The Establishment, rocked by widespread corruption scandals, clings desperately to power in the face of a growing rebellion by the organised and determined masses, writes Francisco Dominguez
At least eight ministers in his cabinet are investigated on corruption charges. The incumbent supreme court’s president Rodrigo Janot appointed judge Edson Fachin to investigate and Fachin has produced a list of politicians involved in corruption.
Apart from the eight ministers, this list includes 24 senators, 39 deputies, three state governors and dozens of other cases now before lower courts. The investigation focused on the widespread corruption consisting of “commissions” paid to politicians who acted as facilitators of big companies in procuring state-financed contracts usually for infrastructure works.
Janot became supreme court president after his predecessor Teori Zavascki — appointed by president Ignacio Lula — was killed in a highly suspicious plane crash off Rio de Janeiro.
Janot’s broad anti-corruption sweep has reached none other than Aecio Neves — Brazil’s right-wing 2014 presidential candidate defeated by Dilma Rousseff.
He is being charged with corruption after being recorded requesting £474,500 from JBS. Neves has been suspended as senator by the supreme court. His sister, Andrea Neves and cousin Frederico Pacheco were also arrested as part of the same investigation. Andrea Neves cashed a cheque for £140,000, the origin of which she has been unable to explain.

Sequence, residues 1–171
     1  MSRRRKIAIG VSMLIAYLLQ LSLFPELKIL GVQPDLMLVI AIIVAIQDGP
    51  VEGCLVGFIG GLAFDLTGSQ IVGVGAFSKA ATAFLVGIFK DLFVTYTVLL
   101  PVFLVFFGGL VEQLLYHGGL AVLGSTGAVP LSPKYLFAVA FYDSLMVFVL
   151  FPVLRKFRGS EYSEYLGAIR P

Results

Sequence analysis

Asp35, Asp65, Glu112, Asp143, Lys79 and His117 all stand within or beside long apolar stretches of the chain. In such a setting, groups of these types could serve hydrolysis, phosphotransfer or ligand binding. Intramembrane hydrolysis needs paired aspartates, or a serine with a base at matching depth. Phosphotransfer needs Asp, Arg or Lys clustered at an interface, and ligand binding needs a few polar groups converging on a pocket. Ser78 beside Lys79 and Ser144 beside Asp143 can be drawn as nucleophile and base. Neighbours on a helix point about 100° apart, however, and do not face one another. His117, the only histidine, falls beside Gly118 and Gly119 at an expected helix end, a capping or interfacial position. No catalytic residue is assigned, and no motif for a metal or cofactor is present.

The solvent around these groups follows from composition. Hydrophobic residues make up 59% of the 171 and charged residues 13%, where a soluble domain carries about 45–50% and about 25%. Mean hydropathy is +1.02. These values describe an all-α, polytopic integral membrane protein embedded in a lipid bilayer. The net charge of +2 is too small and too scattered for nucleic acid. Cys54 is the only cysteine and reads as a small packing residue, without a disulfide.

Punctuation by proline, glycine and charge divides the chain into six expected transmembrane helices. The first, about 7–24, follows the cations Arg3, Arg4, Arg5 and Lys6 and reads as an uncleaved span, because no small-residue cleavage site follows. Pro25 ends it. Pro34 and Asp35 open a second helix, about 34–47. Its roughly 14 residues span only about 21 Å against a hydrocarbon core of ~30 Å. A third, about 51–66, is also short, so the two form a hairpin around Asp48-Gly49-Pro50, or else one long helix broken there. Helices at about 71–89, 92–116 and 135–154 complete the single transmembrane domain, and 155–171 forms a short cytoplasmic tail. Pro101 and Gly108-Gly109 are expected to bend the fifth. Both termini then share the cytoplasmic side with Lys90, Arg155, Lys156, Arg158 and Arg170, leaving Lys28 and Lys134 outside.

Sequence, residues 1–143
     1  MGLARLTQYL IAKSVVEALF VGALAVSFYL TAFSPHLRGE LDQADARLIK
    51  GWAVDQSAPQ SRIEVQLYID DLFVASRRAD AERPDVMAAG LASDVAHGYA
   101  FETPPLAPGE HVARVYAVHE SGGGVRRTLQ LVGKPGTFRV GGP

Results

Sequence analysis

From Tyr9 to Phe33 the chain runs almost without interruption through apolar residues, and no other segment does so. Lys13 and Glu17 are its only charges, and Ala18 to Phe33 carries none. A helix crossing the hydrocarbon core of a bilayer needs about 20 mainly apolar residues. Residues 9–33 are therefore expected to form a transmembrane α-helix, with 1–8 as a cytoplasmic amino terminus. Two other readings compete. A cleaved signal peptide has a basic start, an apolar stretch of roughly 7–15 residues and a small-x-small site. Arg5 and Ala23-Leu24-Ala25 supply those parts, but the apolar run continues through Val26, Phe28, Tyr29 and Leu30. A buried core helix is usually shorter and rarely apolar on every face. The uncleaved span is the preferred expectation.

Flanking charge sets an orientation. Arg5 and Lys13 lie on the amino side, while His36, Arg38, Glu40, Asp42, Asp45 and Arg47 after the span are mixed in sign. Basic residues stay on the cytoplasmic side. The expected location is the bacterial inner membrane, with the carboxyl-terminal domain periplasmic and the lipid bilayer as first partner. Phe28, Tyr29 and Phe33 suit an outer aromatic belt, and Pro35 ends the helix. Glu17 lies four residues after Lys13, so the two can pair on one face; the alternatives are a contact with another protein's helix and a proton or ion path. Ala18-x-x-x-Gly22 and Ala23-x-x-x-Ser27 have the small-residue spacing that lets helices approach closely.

Neves not only a is senator, he is also the president of the right-wing PSDB (Partido da Social Democracia Brasileira).
Another high-level PSDB member and foreign affairs minister in Temer’s government Jose Serra resigned amid allegations of corruption.
The latest is that Temer himself is the subject of yet another corruption investigation prompted by the recording of a secret meeting with multimillionaire Josley Batista, owner of JBS, a large corporation that had benefited from illicit Petrobras contracts.
In the conversation Temer requested hush money payments to Eduardo Cunha — former president of Brazil’s congress and architect of the impeachment process that ousted Rousseff — who is currently serving a 15-year jail sentence for having at least five secret accounts in foreign banks, with millions of dollars he could not explain.
The noose is closing around Temer. At the beginning of June the police arrested tourism minister Eduardo Henrique Alves for bribery relating to the construction of a stadium for the 2014 World Cup. On the same weekend, Temer’s aide, Rodrigo Rocha Loures, was also arrested and stripped of his congress seat. When arrested he was carrying a suitcase with £120,000 inside.
In a move that typifies Brazil’s kleptocracy, Temer allies — Brazil’s elite political establishment — are now floating the idea of seeking the impeachment of supreme court president Janot, on the farcical grounds of political persecution.
Recently Temer’s government approval rate has stood at 4 per cent.